Coaching Skills can be learned, assuming a person has good experiences to begin with and has good communication skills.
• Maintain high energy. The sessions can be mentally draining, and the coach needs to continue to engage the project manager for the knowledge transfer to take hold.
If the coaching sessions are dull, the project manager will lose interest and will have a hard time retaining the information.
• Be conscious of the person's body language. It takes concentration and energy to provide coaching, but it also takes energy and focus to receive coaching.
If you see the person is starting to drag and his or her energy level is starting to get low, you should probably take a break.
Also keep in mind that if the coach starts to drag, then the person being coached is likewise going to drag.
Sometimes the body language or facial expression of the person being coached can lead you to believe that he or she is not receptive to your message or that he or she doesn’t find the value in it. If you perceive this, make sure you also do a reality check.
Ask the person if he or she understands what you are saying and whether he or she thinks there will be value in the processes on his or her project. If he or she has any objections, discuss them now so that they can be addressed as soon as possible.
• Validate understanding. Make sure that you do not spend too much time talking without validating that the person being coached understands what you are saying. If the person repeats back to you what you are saying, then the chances are that he or she is still mentally engaged.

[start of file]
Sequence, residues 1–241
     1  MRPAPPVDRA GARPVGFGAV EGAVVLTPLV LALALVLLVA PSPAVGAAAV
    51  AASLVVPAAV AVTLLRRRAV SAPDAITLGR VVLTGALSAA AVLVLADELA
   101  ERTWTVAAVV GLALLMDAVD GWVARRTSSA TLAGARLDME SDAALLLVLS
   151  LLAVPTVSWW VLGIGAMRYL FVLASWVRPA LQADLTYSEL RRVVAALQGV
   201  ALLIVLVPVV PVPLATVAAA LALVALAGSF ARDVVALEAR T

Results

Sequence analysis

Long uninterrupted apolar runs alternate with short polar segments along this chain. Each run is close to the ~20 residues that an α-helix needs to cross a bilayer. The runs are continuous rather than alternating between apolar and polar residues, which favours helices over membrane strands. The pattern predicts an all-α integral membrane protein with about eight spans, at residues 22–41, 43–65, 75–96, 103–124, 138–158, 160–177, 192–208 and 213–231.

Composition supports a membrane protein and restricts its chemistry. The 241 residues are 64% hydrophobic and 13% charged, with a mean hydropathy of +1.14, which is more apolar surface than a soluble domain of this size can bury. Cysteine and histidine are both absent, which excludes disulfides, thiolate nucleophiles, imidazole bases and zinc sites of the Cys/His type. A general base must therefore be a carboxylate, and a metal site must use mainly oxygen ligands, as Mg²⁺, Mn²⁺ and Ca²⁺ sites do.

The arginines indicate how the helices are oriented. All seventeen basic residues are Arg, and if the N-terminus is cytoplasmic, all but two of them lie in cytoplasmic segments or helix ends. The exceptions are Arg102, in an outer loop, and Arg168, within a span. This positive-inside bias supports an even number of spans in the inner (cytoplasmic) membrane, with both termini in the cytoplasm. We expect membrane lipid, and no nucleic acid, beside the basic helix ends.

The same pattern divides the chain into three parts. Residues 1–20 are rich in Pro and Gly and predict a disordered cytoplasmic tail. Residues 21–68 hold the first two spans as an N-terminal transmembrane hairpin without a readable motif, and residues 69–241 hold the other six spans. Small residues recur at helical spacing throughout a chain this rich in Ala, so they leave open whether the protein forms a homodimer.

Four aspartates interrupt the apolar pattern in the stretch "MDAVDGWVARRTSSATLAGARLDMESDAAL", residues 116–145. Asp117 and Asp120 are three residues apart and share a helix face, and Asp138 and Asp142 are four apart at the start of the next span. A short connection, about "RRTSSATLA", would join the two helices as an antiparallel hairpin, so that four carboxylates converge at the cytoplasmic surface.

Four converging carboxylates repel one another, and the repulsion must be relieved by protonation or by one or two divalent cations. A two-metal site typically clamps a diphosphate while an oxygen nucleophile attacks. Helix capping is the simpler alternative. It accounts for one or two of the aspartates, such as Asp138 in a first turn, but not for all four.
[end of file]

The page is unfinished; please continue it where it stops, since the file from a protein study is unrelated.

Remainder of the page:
If he or she doesn’t say anything for a while, then it could mean that he or she has lost interest or else has lost your message. If you find yourself talking a lot, stop at various times and ask the person to repeat back the information in his or her own words, or perhaps ask him or her how the information you are providing would apply to his or her project.
• Keep notes. As you are coaching, write notes so that the information can be referenced later. If you are coaching as a part of a working session, use flipcharts to document the relevant content.
• Leverage personal experiences. Use personal examples, including experience from coaching previous projects, during the coaching sessions, especially those that may be applicable to the project and its approach.
• Ask probing questions. The coach needs to be careful not to dominate the coaching session and do all of the talking. The coaching experience should be give and take. The coach should ask probing questions to find out additional information and draw out the participants. This includes finding out more about the project and how the project manager or project team will utilize the information that has been discussed.
Libro El Director de Proyectos Práctico -
Un Método probado de 28 Pasos para completar tu Proyecto Exitosamente
EL DIRECTOR DE PROYECTOS PRACTICO -
Por fin ─ un libro sencillo con un método paso a paso para completar tu proyecto.
¡Y sin tener conocimiento previo sobre administración de proyectos!
Toda la "paja" de la metodología de dirección de proyectos fue eliminada, dejando solo lo que es absolutamente útil para completar la tarea.
El Director de Proyectos Práctico, Project Management for Small Projects.
Un libro pensado en el líder de proyectos empírico que salió ganador de la rifa del tigre. Pues ya tiene la responsabilidad de un proyecto, pero que no sabe ni por donde empezar. Necesita una receta ABC para seguir.
Contiene 260 páginas perfectamente detalladas con ejemplos e ilustraciones, que te llevan de la mano hasta completar tu proyecto.
Pruébalo, síguelo, ten éxito. O sigue haciendo lo mismo... :(
Compra aquí El Director de Proyectos Práctico en su versión electrónica─
BONO ADICIONAL: El libro incluye todos los templates─plantillas─que necesitas, listos para ser usadas. No necesitas comprar nada mas.
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